China's Uighur problem is getting bigger as the world is starting to take notice of the country's forced detention of around one million Uighur Muslims in its Xinjiang region. While an earlier report showed how much torture the Uighurs had been put through, a new report has emerged showcasing how technology was used in the persecution of the Uighurs.

The report has some revelations that showcase the extent to which technology has been used for extreme surveillance – tracking people's daily lives.

The report, which has been prepared by the International Consortium of Investigative Journalists. It is an independent non-profit group and details how mass surveillance was used to identify Uighurs who were then arrested and put under detention. China has held Uighurs, Kazakhs and even people with foreign nationalities in its detention camps.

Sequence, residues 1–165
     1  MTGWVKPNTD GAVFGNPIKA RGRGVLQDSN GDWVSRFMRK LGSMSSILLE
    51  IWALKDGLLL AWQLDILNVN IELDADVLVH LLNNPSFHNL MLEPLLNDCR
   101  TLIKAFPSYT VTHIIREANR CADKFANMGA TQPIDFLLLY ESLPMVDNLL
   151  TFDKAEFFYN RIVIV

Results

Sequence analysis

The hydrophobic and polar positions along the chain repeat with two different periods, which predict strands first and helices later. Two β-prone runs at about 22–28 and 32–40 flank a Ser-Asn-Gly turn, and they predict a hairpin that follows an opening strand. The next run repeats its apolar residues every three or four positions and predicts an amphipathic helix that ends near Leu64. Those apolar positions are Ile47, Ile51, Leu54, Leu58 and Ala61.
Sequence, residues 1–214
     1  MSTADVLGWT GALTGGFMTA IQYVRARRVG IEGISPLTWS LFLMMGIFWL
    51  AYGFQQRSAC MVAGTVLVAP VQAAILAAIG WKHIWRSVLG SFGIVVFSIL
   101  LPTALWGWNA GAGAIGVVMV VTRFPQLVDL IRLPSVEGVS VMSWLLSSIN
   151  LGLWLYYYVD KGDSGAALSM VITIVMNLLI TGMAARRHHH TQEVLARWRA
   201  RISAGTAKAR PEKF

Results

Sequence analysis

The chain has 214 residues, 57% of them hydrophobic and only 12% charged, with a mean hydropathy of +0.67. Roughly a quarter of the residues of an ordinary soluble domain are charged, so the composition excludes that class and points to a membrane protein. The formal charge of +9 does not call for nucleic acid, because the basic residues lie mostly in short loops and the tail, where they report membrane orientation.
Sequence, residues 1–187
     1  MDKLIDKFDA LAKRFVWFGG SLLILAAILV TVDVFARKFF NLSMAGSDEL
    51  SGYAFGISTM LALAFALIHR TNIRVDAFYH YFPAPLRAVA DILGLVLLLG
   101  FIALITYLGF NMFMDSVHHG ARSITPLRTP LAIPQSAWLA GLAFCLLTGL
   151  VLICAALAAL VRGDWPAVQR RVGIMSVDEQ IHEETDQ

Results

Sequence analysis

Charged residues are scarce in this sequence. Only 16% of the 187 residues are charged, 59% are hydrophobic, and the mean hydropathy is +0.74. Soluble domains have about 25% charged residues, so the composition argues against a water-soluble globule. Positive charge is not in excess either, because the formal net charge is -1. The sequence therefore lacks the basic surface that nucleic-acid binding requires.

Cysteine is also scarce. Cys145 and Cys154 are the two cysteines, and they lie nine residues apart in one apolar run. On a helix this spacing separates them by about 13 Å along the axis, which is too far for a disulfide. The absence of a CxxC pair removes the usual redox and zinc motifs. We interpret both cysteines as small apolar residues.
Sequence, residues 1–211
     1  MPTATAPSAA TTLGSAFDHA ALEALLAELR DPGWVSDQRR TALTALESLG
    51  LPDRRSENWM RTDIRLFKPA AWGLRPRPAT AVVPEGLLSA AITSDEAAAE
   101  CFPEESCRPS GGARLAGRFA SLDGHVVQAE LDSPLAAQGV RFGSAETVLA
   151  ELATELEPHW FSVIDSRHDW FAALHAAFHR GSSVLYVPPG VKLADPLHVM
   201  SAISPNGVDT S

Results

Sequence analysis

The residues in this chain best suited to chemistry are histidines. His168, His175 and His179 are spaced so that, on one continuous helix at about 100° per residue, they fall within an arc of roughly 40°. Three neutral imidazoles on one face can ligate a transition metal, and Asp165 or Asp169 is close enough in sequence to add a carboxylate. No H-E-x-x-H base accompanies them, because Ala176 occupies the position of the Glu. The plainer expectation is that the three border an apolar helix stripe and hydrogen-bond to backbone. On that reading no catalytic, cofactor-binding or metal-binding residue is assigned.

The reports are very important since they collate the facts revealed by dissenters who have escaped. The reports showcase how technology has been used at an industrial scale to commit human rights abuses. It also enforces the strict rule of the Chinese Communist Party and showcases how people have to live in a state of terror, wary of someone reporting them and getting them detained.

The Chinese government, according to the report, has set up an Integrated Joint Operations Platform (IJOP) where police and other authorities collate data taken from facial recognition cameras and other sources and uses AI to recognise categories and the level of detention needed to punish them.

IJOP has an app, which allows anyone to report violations of the CCP's regulations and also prompts people about their height and other physical characteristics. It also determines what category of people can be viewed as "suspicious."

Other apps, such as Zapya, which have been used by Uighurs for showcasing their plight to the world, have also been shut down because of ties to "terrorists."

Even Uighurs who live abroad are being surveyed using various apps.

China Muslim Uighurs
Muslim ethnic Uighurs protest in Urumqi in China's far west Xinjiang province on 7 July 2009. PETER PARKS/AFP/Getty Images